In early 2022, prior to the June arguments before the Supreme Court of Kentucky, three amicus briefs were filed in the Kentucky Court of Appeals in support of the appellant, including one filed by the BS&J team of Suetholz, Newport and Mize. The BS&J attorneys serve as counsel for the Amici Curiae American Federation of State, County and Municipal Employees (AFSCME) Council 962, which consists of 11 local unions that are the exclusive bargaining agents for approximately 3,500 public employees under 14 county, municipal and school board collective bargaining agreements in Kentucky. The attorneys also serve as counsel for the International Association of Fire Fighters Locals 38, 45, 168, 345, 526 and 1928; the Laborers International Union of North America Local 576; and the National Conference of Firemen and Oilers, SEIU 32BJ.

“All Amici Curiae are engaged in collective bargaining on behalf of Kentucky public employees and file this brief in support of the Appellant,” the brief stated. “Failure to recognize what has been coined a ‘union business privilege’ would impede successful dispute resolution between public employers and representatives of their employees. The appellate court’s decision has effectively removed a Union’s ability to properly investigate grievances. This means unions will no longer be able to resolve grievances in the early steps of the grievance procedures.

“Upholding the appellate court’s decision will cause all parties to collective bargaining agreements to expend more resources, and ultimately, will require the courts to do what the legislature had put in the hands of employers and unions. The Court should recognize the practical necessity for confidential conversations between grievant members and their union representatives. Amici Curiae unions ask this Court to grant Appellant’s Appeal and recognize a union business privilege.”

Judge Keller agreed with the appellant and amicus briefs and issued an opinion reversing and remanding the case, which stated (in part):

“At the center of this case is the function of the FOP as a labor organization for its police officer members,” the opinion states. “A labor organization in this context is ‘any chartered labor organization of any kind in which police officers participate and which exists for the primary purpose of dealing with consolidated local governments concerning grievances, labor disputes, wages, rate of pay, hours of employment, or conditions of employment.’ KRS 67C.400(2).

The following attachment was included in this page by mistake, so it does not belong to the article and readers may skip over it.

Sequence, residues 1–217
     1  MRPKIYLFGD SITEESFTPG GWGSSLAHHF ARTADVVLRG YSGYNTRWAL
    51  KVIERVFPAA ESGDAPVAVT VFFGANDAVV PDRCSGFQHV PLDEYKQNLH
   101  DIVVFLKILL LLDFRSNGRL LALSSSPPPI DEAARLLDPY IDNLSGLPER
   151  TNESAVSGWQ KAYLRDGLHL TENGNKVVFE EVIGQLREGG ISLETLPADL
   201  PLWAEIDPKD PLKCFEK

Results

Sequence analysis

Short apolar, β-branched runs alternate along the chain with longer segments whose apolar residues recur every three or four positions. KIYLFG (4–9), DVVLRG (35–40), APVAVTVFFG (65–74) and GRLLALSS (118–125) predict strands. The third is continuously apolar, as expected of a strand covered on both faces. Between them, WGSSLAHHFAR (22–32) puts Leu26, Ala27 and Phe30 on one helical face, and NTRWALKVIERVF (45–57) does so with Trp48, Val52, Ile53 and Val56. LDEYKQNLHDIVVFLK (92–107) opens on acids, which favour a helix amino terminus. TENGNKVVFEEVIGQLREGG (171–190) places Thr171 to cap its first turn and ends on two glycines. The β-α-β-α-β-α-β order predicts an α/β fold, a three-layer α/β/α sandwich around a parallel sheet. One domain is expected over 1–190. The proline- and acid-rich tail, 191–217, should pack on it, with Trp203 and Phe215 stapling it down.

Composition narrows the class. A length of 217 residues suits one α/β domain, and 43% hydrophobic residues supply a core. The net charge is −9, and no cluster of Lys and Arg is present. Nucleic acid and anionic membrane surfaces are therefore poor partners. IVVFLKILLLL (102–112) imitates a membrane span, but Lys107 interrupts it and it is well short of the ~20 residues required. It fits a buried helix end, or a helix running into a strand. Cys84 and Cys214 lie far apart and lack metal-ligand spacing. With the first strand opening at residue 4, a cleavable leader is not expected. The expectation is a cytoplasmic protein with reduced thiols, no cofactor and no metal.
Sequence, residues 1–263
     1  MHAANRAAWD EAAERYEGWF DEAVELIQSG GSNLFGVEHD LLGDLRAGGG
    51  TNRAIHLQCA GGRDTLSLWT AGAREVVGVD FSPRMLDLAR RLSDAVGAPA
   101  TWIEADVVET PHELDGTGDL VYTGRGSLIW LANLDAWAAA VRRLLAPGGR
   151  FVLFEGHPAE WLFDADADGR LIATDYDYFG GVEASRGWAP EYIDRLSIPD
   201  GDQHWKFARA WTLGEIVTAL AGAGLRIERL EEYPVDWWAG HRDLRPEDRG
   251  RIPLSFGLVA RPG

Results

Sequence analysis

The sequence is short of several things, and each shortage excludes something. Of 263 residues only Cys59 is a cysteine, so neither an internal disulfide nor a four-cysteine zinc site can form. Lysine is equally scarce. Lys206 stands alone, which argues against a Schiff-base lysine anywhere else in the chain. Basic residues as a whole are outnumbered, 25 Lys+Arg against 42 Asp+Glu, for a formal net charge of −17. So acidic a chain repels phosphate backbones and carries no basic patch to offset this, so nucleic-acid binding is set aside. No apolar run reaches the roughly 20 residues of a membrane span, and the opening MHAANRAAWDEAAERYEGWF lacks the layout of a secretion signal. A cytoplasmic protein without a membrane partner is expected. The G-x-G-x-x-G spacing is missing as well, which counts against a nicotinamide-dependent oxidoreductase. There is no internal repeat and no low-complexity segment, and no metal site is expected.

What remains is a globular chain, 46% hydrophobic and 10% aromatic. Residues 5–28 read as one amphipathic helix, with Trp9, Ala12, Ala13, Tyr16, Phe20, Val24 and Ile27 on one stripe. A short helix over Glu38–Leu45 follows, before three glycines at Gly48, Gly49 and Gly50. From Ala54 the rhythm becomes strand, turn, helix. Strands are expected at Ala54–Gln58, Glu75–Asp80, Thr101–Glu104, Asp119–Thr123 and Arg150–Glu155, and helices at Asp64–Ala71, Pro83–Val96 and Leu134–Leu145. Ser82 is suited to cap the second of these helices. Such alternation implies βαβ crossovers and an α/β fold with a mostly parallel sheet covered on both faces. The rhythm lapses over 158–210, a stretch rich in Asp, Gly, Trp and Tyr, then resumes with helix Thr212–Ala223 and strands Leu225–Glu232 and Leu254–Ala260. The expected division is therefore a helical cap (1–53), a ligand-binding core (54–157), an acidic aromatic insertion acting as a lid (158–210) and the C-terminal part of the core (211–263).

“The legal question before this Court is whether Louisville Metro committed an unfair labor practice. KRS 67C.402 broadly protects the ability of a police officer to work with their union representative on questions related to the conditions of their employment. If, during internal investigations or negotiations, the metro government could compel a union representative to divulge sensitive information, then the power of the protection within KRS 67C.402 becomes illusory.

“We need look no further than the statute itself to determine that the legislature could not have intended for the protection to lack force or meaning as it relates to conditions of employment such as the disciplinary hearing at the center of this case. Because KRS 67C.402 creates a limited confidentiality for union representative communications with members, it cannot be unilaterally waived. Without the FOP, police officers would have no ability to organize to collectively address problems in the workplace. Allowing for interference with this ability cannot be the intent of the legislature as it is in direct contradiction with KRS 67C.402.

“Louisville Metro unlawfully interfered with the right of the police officers to bargain collectively regarding conditions of employment under KRS 67C.402(1). Accordingly, Louisville Metro committed an unfair labor practice under KRS 67C.410. For the foregoing reasons, we reverse the decision below and remand to the Labor Cabinet to enter a cease and desist order pursuant to KRS 67C.410(2) in accordance with our Opinion.”